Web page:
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Once I served a parish where we had enough guys swept up in ancient astronaut fantasies to have started our own MUFON chapter. I enjoyed things from the fringe, but one guy in particular was a true believer, if not a proselytizer: UFOs are real; there is every reason to accept the ancient astronaut “theory” and, importantly, no reason not to; the universe is simply brimming with intelligent life.

He was a fellow Trekkie so I did try to go easy on him when he’d start up with it.

Asked for the evidence for any of that and, just like the theorists he admired, he would go in a circle: The existence of UFOs and the artifacts left by ancient astronauts confirm a universe filled with intelligent life. Or, using a different circle, a universe filled with intelligent life explains present UFO visitations and explains the “paleocontact” with aliens implied by the machine-cut stones of Puma Punku .

So how do we know ancient astronauts were real? The UFOs, again, like those in DaVinci’s painting, and in all the Australian aboriginal pictographic art with people wearing space suits, not to ignore the Inca pictorial stones (some creationist Christians love these but for different reasons) carrying etchings of both dinosaurs and UFOs.

The fun of finding paradoxical logic used in arguing the existence of ancient astronauts is what keeps me glued to almost every episode of Ancient Astronauts, Finding Bigfoot, UFO Files, and all that other cool paranormal stuff. I think making my youngest daughter watch them with me, as I pounced on the many fallacious assertions, accounts in part for her numerous debate trophies. Some day she will thank me.

Oh, sorry, back to my parishioner.

I decided to teach a class on UFOs and the Bible, about six sessions of it. I’m no scientist, nor the most rigorist of logicians, but I can pick my way through any debris field left by the astronomical gods. It’s pretty easy, really. When it comes to ancient astronaut “theory” and the like, the sequiturs are spectacularly non.

I was surprised at how many turned out for the class. So I pulled it out for my next parish, as well, with a similar result.

It taught me pastors should be alert to the pseudoscientific weird factor in American life, the influence it has upon some of our parishioners, and the questions arising from the weirdness that people find just ordinarily intriguing. There is hardly any doubt in my mind that not a little of it has drifted into the pews, the simple perplexity honest Christians feel when trying to make sense of things in the context of their faith. Assailed by ancient alien gods, how does an interested Christian sort it through? With the pastor’s help, I hope.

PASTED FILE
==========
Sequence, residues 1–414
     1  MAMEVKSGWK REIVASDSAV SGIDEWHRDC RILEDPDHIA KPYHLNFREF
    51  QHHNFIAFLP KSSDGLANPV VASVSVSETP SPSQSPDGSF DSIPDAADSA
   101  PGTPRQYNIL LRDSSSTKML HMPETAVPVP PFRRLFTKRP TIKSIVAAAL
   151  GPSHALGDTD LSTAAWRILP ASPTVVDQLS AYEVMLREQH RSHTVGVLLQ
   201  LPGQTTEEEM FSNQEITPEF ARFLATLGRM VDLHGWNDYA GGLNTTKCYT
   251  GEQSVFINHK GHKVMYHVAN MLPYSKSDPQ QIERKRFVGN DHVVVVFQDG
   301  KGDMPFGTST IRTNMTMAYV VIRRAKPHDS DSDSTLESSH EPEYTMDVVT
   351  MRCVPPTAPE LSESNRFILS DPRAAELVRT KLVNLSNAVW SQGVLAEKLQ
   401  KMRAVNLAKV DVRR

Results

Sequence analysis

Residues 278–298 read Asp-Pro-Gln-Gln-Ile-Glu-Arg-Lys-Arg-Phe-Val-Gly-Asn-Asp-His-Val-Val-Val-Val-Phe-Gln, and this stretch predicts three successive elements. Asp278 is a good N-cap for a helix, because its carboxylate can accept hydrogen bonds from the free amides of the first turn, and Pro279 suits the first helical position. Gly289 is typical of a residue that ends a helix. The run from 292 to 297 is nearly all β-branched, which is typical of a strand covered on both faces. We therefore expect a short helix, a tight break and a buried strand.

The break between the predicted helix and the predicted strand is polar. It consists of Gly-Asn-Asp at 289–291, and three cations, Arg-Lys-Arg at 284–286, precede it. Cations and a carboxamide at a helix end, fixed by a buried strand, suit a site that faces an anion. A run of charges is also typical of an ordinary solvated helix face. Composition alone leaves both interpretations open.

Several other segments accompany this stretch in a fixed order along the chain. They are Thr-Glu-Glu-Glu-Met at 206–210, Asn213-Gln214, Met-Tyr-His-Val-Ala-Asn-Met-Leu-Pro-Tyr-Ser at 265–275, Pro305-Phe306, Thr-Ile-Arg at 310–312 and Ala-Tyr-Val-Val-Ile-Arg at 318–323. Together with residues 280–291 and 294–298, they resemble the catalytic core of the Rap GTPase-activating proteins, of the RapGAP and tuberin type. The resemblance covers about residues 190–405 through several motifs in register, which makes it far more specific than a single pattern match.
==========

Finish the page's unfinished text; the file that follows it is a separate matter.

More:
The possibility of ancient alien visitors cannot be ruled out; Carl Sagan didn’t . But he also said at best the idea should be treated skeptically as a tightly guarded speculation. That it has become an almost certain fact, at least to my parishioner, is interesting and says something about contemporary living.

Why do some folks need stories of ancient astronauts to explain the origins of humanity?

Ancient astronauts don’t really assault our faith, but they do provide some of us with a “scientific” rationalization for our existence. Not one that necessarily contradicts or rules out an ultimate theological explanation, either, not as my parishioner saw it.

Adam and Eve and that garden thing, really? It made no sense to him, unless they were part of an alien genetic experiment. The old story no longer carried any freight for the guy, and, well, Darwin was too cold and impersonal. He needed a story, a deep story, and since the one he was given didn’t work anymore, he found one that did.

In a way he was right. Ancient astronauts make us, the human species, special. The ancient aliens looked upon Earth and found promise. They crossed an interstellar distance and they invested time and resources and maybe even a few of their own lives doing it. For whatever purpose they planned (creating human slaves or establishing a cosmic classroom) they found us worthy of the effort. For a brief time in the childhood of our race, we were the center of someone’s attention, someone from out there. Maybe they will be back, just to see how we have done.

Mainstream science, instead, says we must give up our sense of importance to the universe. “With the laws of physics,” says a physicist, “you get universes.” That’s it.

This, after all, is a tiny planet circling a common star lodged on the edge of a backwater arm of an average galaxy. We should just get over ourselves. If there are indeed 8.8 billion potential Earth-like habitable planets in our galaxy alone, we once again have been rudely pushed further away from our unique place in creation’s order.

Of course, if there are 8.8 billion Earth-like planets in our galactic home, more questions come to mind. But, like Scarlett, I’ll think about that tomorrow.

Russell E. Saltzman is dean of the Great Plains Mission District of the North American Lutheran Church , assistant pastor of St. Matthew’s Church in Riverside, Missouri, and an online homilist for the Christian Leadership Center at the University of Mary. His book Speaking of the Dead is nearing completion. His previous “On the Square” articles can be found here . Image from Memory Alpha .

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